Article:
AN EYE FOR AN EYE. YOUR LIFE FOR A TOOTH.
That’s one of the taglines for the 2003 horror flick, Darkness Falls—a double entendre title if ever there was one. In this case, Darkness Falls is the name of a small New England town. Here, the storied and seemingly innocent institution of the Tooth Fairy becomes the Nightmare on Every Street for the town’s kids. Well, why not? If Santa Claus and circus clowns can murder, maim, and disembowel…
The story opens with a bunch of expository backstory. Seems that, back in the nineteenth century, a widow named Matilda used to give a gold coin to every child that lost his or her tooth. The kids loved her; the adults, not so much. A fire disfigures Matilda, leaving her sensitive to light. She’ll only go out at night while wearing this weird porcelain mask. Two boys soon disappear, and of course Matilda is blamed—and hung. When the kids show up, the townsfolk realize their…uh, indiscretion and go into cover-up mode. But Matilda’s spirit is pissed and—don’tcha know—she wreaks subsequent havoc on the town. According to “legend,” the Tooth Fairy still visits every kid after they lose their last baby tooth, but if that kid opens his eyes and sees her, he’s toast.
Fast forward a century-and-a-half to a kid named Kyle Walsh. He’s just lost his last tooth, and that night he dares to open his eyes when he hears something. Yep, old Matilda is floating around his room. Kyle shines a flashlight on her and hides. The Tooth Fairy winds up killing his mom. Poor Kyle is blamed for it and carted off in front of his only friend in town, a girl named Caitlin Greene.
Again, fast forward another dozen or so years later. A seriously messed-up Kyle lives in Las Vegas, where the lights are always on. He schleps around a bagful of flashlights and takes enough meds to open a pharmacy. He’d never go back to Darkness Falls, right? Wrong-o. Caitlin tracks him down and says that her kid brother Michael has the same terror of the dark (achluophobia) as Kyle—apparently the kid also saw Matilda. Caitlin begs Kyle to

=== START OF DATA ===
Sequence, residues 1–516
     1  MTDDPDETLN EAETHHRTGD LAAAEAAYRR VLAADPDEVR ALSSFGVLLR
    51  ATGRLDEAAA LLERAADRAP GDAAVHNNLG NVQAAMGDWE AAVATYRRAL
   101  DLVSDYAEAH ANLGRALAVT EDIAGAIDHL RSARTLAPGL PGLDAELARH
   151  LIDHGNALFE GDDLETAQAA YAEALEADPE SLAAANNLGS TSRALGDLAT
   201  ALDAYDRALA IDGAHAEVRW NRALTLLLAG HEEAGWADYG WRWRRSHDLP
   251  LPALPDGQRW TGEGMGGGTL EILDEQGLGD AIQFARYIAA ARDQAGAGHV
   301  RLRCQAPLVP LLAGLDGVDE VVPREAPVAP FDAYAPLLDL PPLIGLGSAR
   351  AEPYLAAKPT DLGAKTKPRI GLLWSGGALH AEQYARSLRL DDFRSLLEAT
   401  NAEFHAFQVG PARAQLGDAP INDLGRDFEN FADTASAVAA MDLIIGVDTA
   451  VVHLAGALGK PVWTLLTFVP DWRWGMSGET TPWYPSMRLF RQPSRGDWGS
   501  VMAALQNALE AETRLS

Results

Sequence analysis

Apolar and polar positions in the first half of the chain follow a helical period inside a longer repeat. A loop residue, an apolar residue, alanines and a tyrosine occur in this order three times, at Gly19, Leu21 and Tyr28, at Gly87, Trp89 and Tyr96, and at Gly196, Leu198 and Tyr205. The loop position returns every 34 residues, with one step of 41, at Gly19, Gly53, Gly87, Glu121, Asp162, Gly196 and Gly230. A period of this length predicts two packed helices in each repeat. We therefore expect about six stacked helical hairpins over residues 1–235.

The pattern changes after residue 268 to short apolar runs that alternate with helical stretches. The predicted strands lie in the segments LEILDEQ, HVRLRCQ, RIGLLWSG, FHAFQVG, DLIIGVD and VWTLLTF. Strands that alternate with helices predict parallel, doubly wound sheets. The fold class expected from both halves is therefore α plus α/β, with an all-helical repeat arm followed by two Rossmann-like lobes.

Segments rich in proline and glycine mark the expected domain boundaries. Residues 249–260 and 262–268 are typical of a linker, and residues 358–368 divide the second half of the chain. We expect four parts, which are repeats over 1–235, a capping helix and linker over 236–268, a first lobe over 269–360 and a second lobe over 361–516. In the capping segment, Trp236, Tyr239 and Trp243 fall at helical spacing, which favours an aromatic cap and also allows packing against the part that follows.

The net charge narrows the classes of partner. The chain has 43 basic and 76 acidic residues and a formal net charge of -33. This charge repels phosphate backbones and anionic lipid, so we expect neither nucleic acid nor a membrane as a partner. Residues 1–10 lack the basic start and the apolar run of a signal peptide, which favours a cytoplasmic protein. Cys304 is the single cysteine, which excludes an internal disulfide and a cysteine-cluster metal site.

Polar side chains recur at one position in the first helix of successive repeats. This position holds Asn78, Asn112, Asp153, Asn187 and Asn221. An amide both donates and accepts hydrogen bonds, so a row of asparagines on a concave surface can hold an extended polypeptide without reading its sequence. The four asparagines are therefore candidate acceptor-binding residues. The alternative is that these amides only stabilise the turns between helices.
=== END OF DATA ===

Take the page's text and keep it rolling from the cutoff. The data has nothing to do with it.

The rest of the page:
come back and try to help Michael—obviously she doesn’t know how screwed up he is—and he agrees, more to see the one-time love of his life than anything.
Guess what, Kyle remains persona non grata in Darkness Falls, with folks still blaming him for his mom’s death. While trying to help Michael he realizes that Matilda has returned with a vengeance, and he tries to warn the town morons, but to no avail. He even lands in jail. It is only after they start dropping like flies do people realize that they should’ve stayed in the light. Too late, as usual.
Okay, no spoiler alert, as I won’t give away the ending. Toward the end of the movie a storm knocks out all of the power in Darkness Falls. Yikes, no lights! Kyle, Caitlin and Michael head for the town’s remote lighthouse,
which is powered by a generator. Matilda, of course, is in hot pursuit (you’d think a spirit could go faster). The final confrontation takes place here. Will any of them make it? Quick, summon up Netflix or Amazon!
Darkness Falls is a whopping eighty-six minutes short, and is fast-paced and fun—for horror buffs, of course. It did not spawn any sequels, even though it apparently grossed up to four times its estimated budget. Sadly, Chaney Kley, the actor who played Kyle Walsh, passed away a few years later from symptoms related to sleep apnea. He was only thirty-four.
SWORDS & SPECTERS: I’ve just begun a total revision of The Quest of Tyron (originally published as Flight from Berbora), the sequel to The Sword of Tyron. Lots of work necessary on this one, so it will be a while. I’ll keep you posted.